When Liverpool were thumped 3-0 by Watford in February this year Arsenal fans breathed a sigh of relief and celebrated their own 'Invincible' season all over again. A first Premier League defeat of the campaign for Jurgen Klopp had not only preserved Arsenal's record as unique, but had reaffirmed just how remarkable the 2003/04 season really was.
Only one other team in English football history have gone a whole campaign unbeaten, and the Preston North End side of 1888/89 only played 22 league games. Suffice to say Arsene Wenger's achievement is among the greatest in the sport's history.
But Liverpool are also on course to break records. Jurgen Klopp's side only need 19 points from their final nine games to set a new points-tally record, and coupled with their phenomenal 2018/19 campaign (Champions League winners and 97 points, the third-highest total in English football history) Klopp's team also rank among the best we've ever seen.
WHICH SIDE ACHIEVED MORE?
Arsenal won the league title with 88 points, but got knocked out of all the cup competitions relatively tamely. Chelsea beat them in the Champions League quarter-final, Middlesbrough conquered over two legs in the League Cup semi-final, and Manchester United won 1-0 in their FA Cup semi-final.
Liverpool might not have technically won the league yet, but needing just five points from nine matches we must assume they have equalled Arsenal's trophy count. On 82 points, Klopp's side are just six short of Arsenal's record with nine games left, and Liverpool are also still in the FA Cup.
WHICH HAS MORE IMPRESSIVE TACTICS?
It is unfair to directly compare their tactical complexity, because mere chronology means the latter team will always benefit from advancements in conditioning and increased collective knowledge; tactics build in layers, with each generation more sophisticated and multifaceted than the one before.
Viewed within their own contexts, these two teams are similarly impressive. By 2003/04 Wenger still played in a basic 4-4-2, but they were implementing a brand of cultured attacking possession football that hadn't been seen in England before. All of their back four were strong passers, which was unique at the time, while Dennis Bergkamp and Thierry Henry essentially operated as dual number tens – making it a strikerless system.
Robert Pires and Freddie Ljungberg made diagonal runs off the flanks to occupy the empty striker positions, creating fluid counter-attacking situations that made Arsenal more like the modern Atletico Madrid than the modern Manchester City.
Wenger innovated in attack, then, but he was never a details manager: Arsenal's majestic forwards made their own decisions, the idiosyncrasy of the manager's tactics largely the result of individual improvisations.
For that reason, Klopp's Liverpool win this category. Tactically speaking, Klopp's team are remarkably complex, with minute details in every department creating a collective energy that far surpasses their individual talent. From a revolving, synchronising midfield trio to the alternating runs of the front three, Liverpool often defy tactical explanation – such is the variety and depth of their tactical instruction.
What's more, Klopp's use of flying full-backs is just as innovative as Wenger's pair of false nines. Trent Alexander-Arnold and Andrew Robertson essentially operate as playmakers, revolutionising the role, while Klopp's gegenpressing philosophy has influenced an entire generation of coaches.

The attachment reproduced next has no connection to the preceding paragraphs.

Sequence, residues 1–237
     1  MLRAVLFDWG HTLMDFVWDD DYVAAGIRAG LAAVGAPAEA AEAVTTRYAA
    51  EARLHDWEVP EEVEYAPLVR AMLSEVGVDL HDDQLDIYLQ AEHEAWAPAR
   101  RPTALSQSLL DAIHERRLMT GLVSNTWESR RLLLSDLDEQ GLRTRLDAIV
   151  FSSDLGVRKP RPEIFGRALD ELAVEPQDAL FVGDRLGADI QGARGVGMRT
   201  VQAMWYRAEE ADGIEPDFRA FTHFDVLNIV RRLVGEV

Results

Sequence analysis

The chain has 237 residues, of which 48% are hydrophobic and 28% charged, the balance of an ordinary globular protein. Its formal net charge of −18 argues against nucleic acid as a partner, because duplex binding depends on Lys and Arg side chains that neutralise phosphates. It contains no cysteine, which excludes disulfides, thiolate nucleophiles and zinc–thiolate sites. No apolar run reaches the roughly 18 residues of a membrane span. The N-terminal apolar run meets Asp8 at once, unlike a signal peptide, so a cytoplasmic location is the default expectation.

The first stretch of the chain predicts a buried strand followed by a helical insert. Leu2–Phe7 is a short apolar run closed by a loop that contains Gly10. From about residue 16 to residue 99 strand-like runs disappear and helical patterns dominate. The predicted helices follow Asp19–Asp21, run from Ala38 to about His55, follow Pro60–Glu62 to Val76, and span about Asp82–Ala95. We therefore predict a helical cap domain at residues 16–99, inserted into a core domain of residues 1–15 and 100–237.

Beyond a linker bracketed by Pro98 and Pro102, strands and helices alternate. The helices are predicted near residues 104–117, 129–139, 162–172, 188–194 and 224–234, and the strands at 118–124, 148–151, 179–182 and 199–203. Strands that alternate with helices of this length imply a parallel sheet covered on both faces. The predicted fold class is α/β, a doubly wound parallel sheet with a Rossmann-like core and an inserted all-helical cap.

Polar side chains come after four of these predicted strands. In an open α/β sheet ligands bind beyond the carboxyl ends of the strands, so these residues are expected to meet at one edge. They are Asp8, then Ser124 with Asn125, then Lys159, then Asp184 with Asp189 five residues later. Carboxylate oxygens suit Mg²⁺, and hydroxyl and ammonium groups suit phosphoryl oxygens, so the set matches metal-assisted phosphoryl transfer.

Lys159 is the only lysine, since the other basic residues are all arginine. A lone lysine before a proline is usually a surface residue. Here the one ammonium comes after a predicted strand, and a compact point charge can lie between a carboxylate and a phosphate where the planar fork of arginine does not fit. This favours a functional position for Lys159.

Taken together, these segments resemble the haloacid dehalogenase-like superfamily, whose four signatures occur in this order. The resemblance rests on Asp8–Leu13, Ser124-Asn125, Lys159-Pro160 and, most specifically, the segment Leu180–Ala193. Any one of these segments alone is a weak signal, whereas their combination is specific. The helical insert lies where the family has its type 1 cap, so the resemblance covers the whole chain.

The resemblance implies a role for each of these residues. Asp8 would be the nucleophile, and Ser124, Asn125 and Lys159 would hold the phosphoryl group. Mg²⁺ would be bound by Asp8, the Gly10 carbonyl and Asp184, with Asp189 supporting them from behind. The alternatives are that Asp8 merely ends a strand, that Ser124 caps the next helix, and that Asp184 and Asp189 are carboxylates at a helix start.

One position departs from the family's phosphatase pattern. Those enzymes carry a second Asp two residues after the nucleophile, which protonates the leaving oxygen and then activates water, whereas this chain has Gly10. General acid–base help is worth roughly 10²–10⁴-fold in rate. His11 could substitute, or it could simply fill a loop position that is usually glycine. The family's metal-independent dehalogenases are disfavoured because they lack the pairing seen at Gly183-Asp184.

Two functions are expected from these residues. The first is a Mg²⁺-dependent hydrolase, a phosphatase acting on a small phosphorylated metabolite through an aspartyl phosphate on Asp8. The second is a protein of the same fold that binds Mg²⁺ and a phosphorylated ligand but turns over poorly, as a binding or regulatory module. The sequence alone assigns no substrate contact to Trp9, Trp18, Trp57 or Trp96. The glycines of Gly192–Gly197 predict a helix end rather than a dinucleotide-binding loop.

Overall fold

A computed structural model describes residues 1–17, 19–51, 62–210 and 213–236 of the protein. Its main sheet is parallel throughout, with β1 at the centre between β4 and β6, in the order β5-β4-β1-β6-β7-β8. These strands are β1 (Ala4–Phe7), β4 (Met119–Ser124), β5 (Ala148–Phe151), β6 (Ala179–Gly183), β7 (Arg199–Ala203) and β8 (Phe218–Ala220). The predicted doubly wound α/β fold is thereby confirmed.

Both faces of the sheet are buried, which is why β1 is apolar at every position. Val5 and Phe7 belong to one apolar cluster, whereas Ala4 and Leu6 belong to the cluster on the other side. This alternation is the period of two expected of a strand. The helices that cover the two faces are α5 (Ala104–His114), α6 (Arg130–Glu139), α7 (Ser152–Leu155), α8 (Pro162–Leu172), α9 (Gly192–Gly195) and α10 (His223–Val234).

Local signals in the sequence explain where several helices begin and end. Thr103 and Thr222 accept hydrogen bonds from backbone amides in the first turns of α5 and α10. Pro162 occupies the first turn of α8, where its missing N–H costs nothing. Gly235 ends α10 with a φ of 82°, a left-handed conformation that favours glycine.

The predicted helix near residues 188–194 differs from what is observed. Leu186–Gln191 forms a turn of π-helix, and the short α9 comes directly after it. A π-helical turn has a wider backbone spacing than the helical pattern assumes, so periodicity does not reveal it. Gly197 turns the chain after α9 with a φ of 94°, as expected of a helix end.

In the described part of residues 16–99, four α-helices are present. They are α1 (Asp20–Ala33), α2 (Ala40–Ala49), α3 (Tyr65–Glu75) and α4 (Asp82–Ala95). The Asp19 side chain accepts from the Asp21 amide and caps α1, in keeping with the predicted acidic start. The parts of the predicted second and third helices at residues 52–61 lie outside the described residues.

WHICH HAD THE BETTER PLAYERS?
Nostalgia generally improves players, who grow into semi-mythical beings through the rose-tinted lens of TV montages and wistful memories. It will take another ten years before the 11 Liverpool starters from 2019/20 hold the same legendary status as Arsenal's Invincibles.
Nevertheless, let's attempt a comparison of each section of the team. On sheer genius of creativity, Henry, Bergkamp, and Pires are a better trio than Sadio Mane, Roberto Firmino, and Mohamed Salah, although it is a very close-run thing.
In midfield, Patrick Vieira and Gilberto Silva were a magnificent partnership and marginally better than Liverpool's Georginio Wijnaldum and Fabinho, while the different formations makes Freddie Ljungberg versus Jordan Henderson an unfair battle.
On balance, that means Arsenal just about take the victory in this category, which makes sense given Klopp's side are more about the collective while Wenger relied on individuality.
WHICH HAD THE BETTER MANAGER?
Wenger's greatest strength during his first ten years at Arsenal was modernising the health and nutrition of English football, followed by an implementation of possession football at a time when the Premier League was still somewhat in the dark ages. Those talents changed the game in England, winning him three league titles and seven FA Cups.
Klopp didn't just change England, he reshaped the whole of Europe. His tactics have become the dominant force across the continent over the last decade, bringing him extraordinary success at Mainz 05, Borussia Dortmund, and now Liverpool. To transform a club three times, altering how football is played around Europe in the process, is the superior achievement.
By the end of the 2019/20 season both teams are likely to have won the same amount of trophies in their respective iconic seasons. Tactically, Klopp's greater complexity edges it over Wenger's semi-improvised approach, but in terms of personnel the Arsenal team are marginally stronger.
Liverpool will probably set a lot of English football records this season, and will certainly win more points across the campaign than Arsenal did in 2003/04. But no matter how much praise we heap on Klopp's team, we cannot look past that incredible – unmatchable – achievement of an entire year unbeaten. The psychological resolve it requires was proven by Watford's victory over Liverpool in February. Arsenal's Invincibles are unrivalled.